San Diego has made a big push in the past few months to brand itself the center of the rapidly expanding drone industry. With many companies already in the field and a call for the FAA to designate the region an unmanned aerial vehicle center of excellence, it’s not a hard sell.
But what are drones except flying robots? The University of California San Diego and several local companies in the robotics field want to expand the region’s reputation as not only the hub of UAVs, but of the creation and manufacturing of robotics in general.
“I think the time is now to think extremely more broadly about robots,” said Albert Pisano, dean of the UCSD Jacobs School of Engineering, which is creating an Institute for Contextual Robotics to capitalize on what a coalition of 60 faculty and staff see as a weak spot in robotics, an area where San Diego can shine.
“[Robots are] coming, and they’re not just going to fold the laundry for you — we’re talking about major innovative repairs of things.”
That weak spot is the second of the three C’s of robotics —communication, context and contact.
“We focused on that C — context — because if that robot does not understand its environment, it is not useful to you,” Pisano said at a recent CommNexus panel.
“We don’t see the middle C [executed] to the max, so we are picking that direction. And we’re not doing it just as engineers; we’re doing it as engineers connected with [computer science] and the social sciences — this is a broad approach.”
The Jacobs School will host a forum on contextual robotics Oct. 10 to forge partnerships with leaders in the area, and get a better understanding for how the Institute should function within the community.
“We are in both a listening phase and a capacity-building phase for UC San Diego’s proposed Institute for Contextual Robotics Systems,” Pisano said in a statement.
“The Oct. 10 robotics forum is part of our effort to reach out to San Diego’s growing robotics community during the listening phase. We have not yet set a specific launch date for the Institute, but are working to identify one as soon as possible.”
In addition to the robotics institute, Thomas Bewley, professor of mechanical and aerospace engineering at UCSD, said the school is “working toward making the presence of robotics even stronger … with some sort of master’s of advanced studies ... for professional students.”
On the nonacademic side of things, San Diego has a lot of talent and companies already working in robotics. Brain Corp. is developing a brain for the machines to be able to learn on their own, similar to the concept behind Qualcomm’s (Nasdaq: QCOM) Zeroth processor.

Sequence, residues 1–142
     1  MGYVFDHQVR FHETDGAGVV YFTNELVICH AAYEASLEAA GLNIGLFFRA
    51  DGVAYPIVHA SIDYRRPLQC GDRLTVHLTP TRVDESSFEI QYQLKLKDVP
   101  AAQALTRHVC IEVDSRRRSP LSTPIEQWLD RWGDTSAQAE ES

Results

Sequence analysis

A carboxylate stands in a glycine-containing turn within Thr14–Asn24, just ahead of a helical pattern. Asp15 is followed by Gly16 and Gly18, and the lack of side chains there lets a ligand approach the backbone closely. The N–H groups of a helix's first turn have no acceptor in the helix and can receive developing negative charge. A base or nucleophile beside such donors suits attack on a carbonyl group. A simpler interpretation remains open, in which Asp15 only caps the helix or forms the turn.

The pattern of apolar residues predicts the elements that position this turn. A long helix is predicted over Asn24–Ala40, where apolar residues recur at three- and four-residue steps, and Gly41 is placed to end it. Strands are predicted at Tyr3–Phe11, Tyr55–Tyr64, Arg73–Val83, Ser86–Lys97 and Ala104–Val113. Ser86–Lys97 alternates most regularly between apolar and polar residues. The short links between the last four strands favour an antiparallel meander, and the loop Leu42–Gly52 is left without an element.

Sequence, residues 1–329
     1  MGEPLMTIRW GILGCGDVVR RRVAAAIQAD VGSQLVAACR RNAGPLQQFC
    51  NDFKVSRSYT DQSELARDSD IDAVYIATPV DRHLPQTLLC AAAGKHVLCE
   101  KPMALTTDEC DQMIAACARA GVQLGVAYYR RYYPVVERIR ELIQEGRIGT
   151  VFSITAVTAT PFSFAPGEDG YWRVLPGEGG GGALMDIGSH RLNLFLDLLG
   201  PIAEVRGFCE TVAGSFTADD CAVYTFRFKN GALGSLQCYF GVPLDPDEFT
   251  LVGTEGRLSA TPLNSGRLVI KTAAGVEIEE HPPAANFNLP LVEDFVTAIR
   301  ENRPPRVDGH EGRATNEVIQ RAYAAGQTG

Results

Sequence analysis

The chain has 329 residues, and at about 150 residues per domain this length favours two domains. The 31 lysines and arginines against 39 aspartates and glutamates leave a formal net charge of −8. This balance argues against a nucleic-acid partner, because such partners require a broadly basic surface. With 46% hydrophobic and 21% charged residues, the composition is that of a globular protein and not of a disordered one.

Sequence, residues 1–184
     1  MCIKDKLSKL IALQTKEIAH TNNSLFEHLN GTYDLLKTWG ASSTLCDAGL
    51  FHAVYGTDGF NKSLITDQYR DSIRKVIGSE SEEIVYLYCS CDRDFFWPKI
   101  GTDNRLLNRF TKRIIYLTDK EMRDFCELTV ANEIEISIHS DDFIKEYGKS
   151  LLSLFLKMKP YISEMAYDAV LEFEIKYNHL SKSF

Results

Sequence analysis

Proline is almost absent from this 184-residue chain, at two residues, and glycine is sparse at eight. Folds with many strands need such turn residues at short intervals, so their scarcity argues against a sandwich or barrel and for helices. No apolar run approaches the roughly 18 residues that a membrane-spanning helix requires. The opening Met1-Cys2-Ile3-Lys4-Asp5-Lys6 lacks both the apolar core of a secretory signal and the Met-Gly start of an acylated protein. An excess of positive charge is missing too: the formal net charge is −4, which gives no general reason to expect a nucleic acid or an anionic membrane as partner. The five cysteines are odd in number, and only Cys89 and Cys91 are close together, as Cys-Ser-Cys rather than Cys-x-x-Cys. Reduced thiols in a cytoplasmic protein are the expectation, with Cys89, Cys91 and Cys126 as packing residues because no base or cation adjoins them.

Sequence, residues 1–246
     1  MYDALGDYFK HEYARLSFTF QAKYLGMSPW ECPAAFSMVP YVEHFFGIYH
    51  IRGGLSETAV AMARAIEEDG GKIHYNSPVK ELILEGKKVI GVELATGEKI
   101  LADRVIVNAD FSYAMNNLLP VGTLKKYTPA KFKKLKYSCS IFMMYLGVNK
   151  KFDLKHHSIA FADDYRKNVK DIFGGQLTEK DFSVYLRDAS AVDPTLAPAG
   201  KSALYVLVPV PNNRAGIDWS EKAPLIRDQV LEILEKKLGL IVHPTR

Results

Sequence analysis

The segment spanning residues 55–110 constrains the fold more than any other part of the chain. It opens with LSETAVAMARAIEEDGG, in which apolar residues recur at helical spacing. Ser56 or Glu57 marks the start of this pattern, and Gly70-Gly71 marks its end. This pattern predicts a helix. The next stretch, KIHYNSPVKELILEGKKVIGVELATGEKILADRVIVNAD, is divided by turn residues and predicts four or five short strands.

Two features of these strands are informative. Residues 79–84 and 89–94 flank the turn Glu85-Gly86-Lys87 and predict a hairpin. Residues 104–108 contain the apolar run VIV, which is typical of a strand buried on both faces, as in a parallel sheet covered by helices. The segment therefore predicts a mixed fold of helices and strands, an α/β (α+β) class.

“We want more autonomous robots, right?” said Eugene Izhikevich, co-founder and CEO of Brain Corp. “This is the promise of the last century. There’s so many dull, dangerous and dirty jobs that autonomous robots should be doing for us, but why aren’t they here?”
Izhikevich said the problem is in software, not hardware, as it would take tens of millions of hours and huge teams of engineers working for years to write the code to make a single robot able to function in relation to its environment.
“We at Brain Corp. asked the question ‘What if robots had a brain?’ Like animals, can you train them, instead of programming them?” Izhikevich asked.
The company, which is backed in part by venture funding from Qualcomm and makes use of UCSD talent, has developed BrainOS, an operating system for robots that allows the machines to be trained and learn like an animal.
Izhikevich demonstrated the system’s visual functions that enable a robot to visually follow a set object — say, a remote-controlled car — and stay focused on that object even with obstacles such as light poles or distracters such as an identical object.
The San Diego Regional Economic Development Corp. has taken note. President Mark Cafferty said the EDC promotes the region as a center of excellence for robotics in general — not just drones — and said local universities are key to keeping San Diego at the forefront of this evolving industry.
“I think the universities would probably tell you, and I think the industry would echo it, that we want to be seen as the center for excellence for robotics because that’s really what’s behind all of it,” Cafferty said.
“I would not underemphasize how important the universities are to that. And I think people may think so is the military — and it certainly is where the industry started ... but going forward, this is a big, big university play, and I think the fact that we have such strong engineering schools here, we’ve got to lead better with that internationally. That’s what’s going to draw in the talent that will keep powering that industry in some huge ways.”
Local drone-related companies recognize the benefits of having advances in general robotics coming out of San Diego. Tim McConnell, director of engineering for 3D Robotics, said he sees San Diego as the future for much more than just his company’s variety of robots.
“The future of robotics in San Diego is also here — [Pisano’s] got a great team of young people coming up in the robotic space. …You’re going to see robots becoming more and more capable, lots of things happening in the future and I really want us to be leading that space here in San Diego and Tijuana. The possibilities for innovation and growth are just huge,” McConnell said.